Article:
Women In Racing Series - Michelle Miller
D’Laina: “Please introduce yourself”
D’Laina: “How did you get into racing?”
Michelle: “I have always been into cars, and my husband and I started building some cool cars and going to a lot of car shows. We had a Mazda Rx7 and would go to monthly club meets where we met our friend, Jeb, who constantly invited us out to novice racing schools. At first, I was very hesitant to go, because it seemed scary, I didn’t know what to expect, and wasn't positive I would hold back the rest of the class. I didn’t want to let down my gender by being the slow girl. Once I got over myself and finally went through the novice classes at Bremerton Sports Car Club, I saw how cool driving was. I said to myself ‘why have I been hanging out at meets when I could have been driving cars’. I was immediately hooked and within two years I volunteered to run their novice program. It was a fantastic experience and I formed key relationships with more people and engaged with the sport even more. I was able to bring structure to the Bremerton Sport’s Club program.
This led me to some other positions and I eventually became the president of the BMW Club local chapter, and then volunteered with the Sports Club of America and the Porsche Club of America. I ended up doing a lot of volunteer coaching which led me to where I am today. The opportunity at Dirt Fish came along from Don Wooten, the lead instructor at the time, who was someone that I raced with at the Bremerton Sports Car Club. I took a leap of faith and came on board at DirtFish, leaving a professional job. I started as part-time front desk and part-time instructor. It was a risky move, but without a doubt it was the best decision that I’ve ever made. Since starting I have grown tremendously with the company both in my position and also as a driver and a coach.
On the racing side of things, in 2012 I won my first SCCA Solo National Championship in a Mitsubishi Evo 9. However, the next year, I ended up in last place, which was very humbling. I just couldn’t get out of my head and perform like I wanted to. In 2014 we switched drivetrains and built up our naturally aspirated Mini Cooper, with which I took two more national championships before turning my focus to rally.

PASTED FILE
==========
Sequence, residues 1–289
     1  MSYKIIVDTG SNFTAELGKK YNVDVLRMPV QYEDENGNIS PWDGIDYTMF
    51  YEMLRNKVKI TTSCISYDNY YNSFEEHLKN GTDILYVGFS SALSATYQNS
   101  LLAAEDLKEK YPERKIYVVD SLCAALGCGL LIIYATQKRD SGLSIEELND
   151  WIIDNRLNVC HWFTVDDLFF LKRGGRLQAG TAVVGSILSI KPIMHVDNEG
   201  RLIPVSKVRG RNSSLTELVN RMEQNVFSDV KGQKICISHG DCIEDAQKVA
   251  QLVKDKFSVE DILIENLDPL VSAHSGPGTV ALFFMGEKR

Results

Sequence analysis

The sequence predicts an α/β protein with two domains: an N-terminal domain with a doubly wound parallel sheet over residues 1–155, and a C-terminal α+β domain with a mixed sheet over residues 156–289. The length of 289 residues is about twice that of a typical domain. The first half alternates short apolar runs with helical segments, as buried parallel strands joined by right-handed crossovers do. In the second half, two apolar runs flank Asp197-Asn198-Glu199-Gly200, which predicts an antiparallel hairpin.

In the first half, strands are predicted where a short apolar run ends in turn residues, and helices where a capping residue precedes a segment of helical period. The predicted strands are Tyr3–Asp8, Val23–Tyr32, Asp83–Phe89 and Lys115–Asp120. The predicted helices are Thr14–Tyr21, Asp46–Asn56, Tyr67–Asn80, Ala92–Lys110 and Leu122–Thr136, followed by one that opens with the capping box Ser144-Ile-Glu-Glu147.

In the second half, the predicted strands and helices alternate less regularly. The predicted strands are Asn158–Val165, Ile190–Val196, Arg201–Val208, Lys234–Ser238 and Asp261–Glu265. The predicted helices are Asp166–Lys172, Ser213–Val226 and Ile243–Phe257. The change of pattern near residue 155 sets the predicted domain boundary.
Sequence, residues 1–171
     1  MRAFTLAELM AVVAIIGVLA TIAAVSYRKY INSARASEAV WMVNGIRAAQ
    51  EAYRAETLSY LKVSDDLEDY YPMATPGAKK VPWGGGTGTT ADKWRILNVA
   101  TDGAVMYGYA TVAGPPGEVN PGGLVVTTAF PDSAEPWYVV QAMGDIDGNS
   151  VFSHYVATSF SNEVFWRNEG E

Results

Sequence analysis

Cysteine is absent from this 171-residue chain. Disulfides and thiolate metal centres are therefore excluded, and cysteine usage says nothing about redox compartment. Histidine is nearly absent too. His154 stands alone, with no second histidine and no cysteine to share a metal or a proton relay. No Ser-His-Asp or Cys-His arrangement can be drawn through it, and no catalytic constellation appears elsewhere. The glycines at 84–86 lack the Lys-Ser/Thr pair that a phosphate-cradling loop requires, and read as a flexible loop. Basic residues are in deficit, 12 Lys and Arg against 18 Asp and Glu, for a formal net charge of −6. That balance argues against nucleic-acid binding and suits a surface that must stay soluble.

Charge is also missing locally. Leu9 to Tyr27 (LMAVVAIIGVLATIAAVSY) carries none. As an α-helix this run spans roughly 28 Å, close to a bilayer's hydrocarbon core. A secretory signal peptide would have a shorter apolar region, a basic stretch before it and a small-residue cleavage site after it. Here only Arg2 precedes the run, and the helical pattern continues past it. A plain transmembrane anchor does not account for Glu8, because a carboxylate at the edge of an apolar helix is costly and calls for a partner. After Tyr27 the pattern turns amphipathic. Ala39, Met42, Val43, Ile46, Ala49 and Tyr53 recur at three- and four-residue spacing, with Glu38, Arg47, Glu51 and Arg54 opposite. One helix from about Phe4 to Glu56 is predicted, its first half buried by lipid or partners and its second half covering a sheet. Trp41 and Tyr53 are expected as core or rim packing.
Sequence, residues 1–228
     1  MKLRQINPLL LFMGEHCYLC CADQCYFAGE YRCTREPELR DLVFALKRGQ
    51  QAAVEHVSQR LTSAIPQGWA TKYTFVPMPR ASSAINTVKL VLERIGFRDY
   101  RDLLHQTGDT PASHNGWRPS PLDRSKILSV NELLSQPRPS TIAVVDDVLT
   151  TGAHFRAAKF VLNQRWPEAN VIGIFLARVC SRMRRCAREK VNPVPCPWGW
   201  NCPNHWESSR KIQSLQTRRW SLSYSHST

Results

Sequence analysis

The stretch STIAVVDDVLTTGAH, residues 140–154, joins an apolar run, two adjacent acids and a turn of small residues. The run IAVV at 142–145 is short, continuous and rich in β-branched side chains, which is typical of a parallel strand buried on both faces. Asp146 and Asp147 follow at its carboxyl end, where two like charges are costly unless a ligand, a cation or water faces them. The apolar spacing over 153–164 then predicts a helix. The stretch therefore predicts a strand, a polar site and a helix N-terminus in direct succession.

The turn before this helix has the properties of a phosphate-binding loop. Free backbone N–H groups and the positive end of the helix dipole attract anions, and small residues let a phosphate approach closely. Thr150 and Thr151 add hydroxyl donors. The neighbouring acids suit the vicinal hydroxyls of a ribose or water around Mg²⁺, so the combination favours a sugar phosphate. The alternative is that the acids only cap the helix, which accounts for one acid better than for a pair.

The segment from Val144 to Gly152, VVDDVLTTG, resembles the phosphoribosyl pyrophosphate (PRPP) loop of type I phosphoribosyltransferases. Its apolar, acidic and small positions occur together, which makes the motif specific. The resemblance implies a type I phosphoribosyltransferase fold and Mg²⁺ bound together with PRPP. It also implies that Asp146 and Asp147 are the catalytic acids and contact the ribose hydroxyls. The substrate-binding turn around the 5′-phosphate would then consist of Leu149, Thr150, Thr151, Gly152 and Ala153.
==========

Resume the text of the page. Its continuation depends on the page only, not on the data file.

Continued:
It was interesting to go from the Evo, which is 3200 pounds, very powerful and fast, to the Mini Cooper. It’s only around 2200 pounds, has front-wheel drive, and well, slow. It was a very good challenge to move between these two chassis and platforms. With the Evo – if you made a mistake, the power would help you to mask it, but with the mini-Cooper – one mistake and you were done. The lack of power would prevent you from gaining back the momentum. It is a very, very challenging car to drive quickly. It sounds backwards. But driving a slow car fast, is one of the best things for a driver.
D’Laina: “You were able to win with the Mini-Cooper twice, so what are some of the advantages of the car?”
Michelle: “In Solo you compete in classes of similar cars, so I wasn’t up against something link an Evo. The MINI handled phenomenally well, it danced and would go where you wanted it to go if you “told” it the right thing to do. The lightness and nimbleness allowed you to put the car where you wanted it to go.
D’Laina: “Can you describe your transition from racing into instructing?”